Too few properties, too many buyers

A sad statistic: According to data from Altos Research, the inventory of single-family homes for sale actually made its highest weekly jump in more than two years last week. Why is that sad? Because it’s a drop in the bucket in terms of need.

Demographics, pent-up demand from 2020, secular shifts in remote work capabilities—all these factors create higher numbers of wanting homebuyers. But increasingly, individuals have to compete with investors big and small, from the entrepreneurial all the way up to giant pools of institutional capital, foreign and domestic.

Homebuyers are squeezed

In Thursday’s NAR Pending Home Sales report, NAR’s chief economist Lawrence Yun noted, “Contract signings are approaching pre-pandemic levels after the big surge due to the lack of sufficient supply of affordable homes. The upper-end market is still moving sharply as inventory is more plentiful there.”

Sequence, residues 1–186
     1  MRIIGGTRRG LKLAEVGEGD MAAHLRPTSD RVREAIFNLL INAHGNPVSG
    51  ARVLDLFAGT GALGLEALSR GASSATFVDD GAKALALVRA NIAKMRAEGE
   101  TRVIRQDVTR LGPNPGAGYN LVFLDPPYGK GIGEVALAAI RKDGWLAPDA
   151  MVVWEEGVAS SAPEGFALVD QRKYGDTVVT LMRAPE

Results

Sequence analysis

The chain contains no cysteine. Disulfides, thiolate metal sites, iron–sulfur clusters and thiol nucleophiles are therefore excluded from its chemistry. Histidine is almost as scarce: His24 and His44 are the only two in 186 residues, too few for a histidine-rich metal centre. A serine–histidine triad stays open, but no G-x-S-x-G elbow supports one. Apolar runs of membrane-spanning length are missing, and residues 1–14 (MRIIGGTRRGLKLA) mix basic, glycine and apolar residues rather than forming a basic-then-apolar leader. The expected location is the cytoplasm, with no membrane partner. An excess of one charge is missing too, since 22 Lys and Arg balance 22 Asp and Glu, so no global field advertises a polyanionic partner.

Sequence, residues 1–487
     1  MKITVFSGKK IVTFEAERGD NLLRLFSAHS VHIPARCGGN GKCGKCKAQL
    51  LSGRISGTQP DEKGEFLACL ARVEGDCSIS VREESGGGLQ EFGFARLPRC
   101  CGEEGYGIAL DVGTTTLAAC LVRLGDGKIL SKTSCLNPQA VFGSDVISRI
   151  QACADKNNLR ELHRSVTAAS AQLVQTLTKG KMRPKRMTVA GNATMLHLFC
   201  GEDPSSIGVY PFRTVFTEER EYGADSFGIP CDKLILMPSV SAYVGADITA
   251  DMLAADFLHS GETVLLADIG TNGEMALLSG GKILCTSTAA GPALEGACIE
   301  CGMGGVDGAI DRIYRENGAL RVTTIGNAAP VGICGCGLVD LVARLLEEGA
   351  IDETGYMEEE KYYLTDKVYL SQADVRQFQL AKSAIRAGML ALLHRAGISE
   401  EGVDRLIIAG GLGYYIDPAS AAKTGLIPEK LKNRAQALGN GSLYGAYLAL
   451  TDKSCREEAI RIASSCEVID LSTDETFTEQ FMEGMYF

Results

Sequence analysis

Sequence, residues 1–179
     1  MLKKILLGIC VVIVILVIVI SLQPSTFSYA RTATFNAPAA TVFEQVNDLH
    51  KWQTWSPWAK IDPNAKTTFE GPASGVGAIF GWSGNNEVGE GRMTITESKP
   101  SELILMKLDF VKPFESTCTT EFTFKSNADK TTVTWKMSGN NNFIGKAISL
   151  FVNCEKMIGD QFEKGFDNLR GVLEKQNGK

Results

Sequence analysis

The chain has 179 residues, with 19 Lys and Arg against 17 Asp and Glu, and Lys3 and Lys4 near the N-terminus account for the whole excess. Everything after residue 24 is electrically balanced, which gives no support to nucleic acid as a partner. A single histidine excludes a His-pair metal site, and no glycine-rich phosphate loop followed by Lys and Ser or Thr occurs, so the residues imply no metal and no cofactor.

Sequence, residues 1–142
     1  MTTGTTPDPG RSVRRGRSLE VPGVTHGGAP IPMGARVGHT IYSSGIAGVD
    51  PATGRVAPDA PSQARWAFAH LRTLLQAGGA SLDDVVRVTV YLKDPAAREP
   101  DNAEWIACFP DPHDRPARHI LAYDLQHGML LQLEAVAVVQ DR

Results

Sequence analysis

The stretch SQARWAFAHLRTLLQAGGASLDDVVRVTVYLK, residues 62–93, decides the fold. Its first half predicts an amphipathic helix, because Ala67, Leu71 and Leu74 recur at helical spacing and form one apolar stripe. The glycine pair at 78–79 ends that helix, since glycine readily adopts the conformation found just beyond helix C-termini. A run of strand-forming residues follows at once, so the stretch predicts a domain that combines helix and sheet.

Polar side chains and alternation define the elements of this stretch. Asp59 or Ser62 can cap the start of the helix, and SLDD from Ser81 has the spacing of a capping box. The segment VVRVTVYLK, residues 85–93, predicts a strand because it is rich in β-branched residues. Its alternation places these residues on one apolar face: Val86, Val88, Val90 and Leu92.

This speaks again to the affordability issues growing in the lower and middle price zones of the market. And it’s already showing up in the data. Existing home sales took an unexpected 2.7% dip in April, and pending home sales fell 4.4% versus expectations of an increase. Boots on the ground suggest that current trends are accelerating.

Data from Zonda research indicates prospective buyers at the margin are experiencing significant hesitancy—and sticker shock. In May, hesitancy from buyers spiked to 40%.

Construction is lumbering

Yeah, it’s a bad pun. Sometimes we can’t resist. But new home construction is stalling thanks to rampant supply constraints brought on by raw material costs that are going supernova. Copper is up 34% year-to-date. And lumber? Um, well

One Denver builder says they are “limiting sales at all communities and gapping out on lots. Material availability is becoming more concerning.”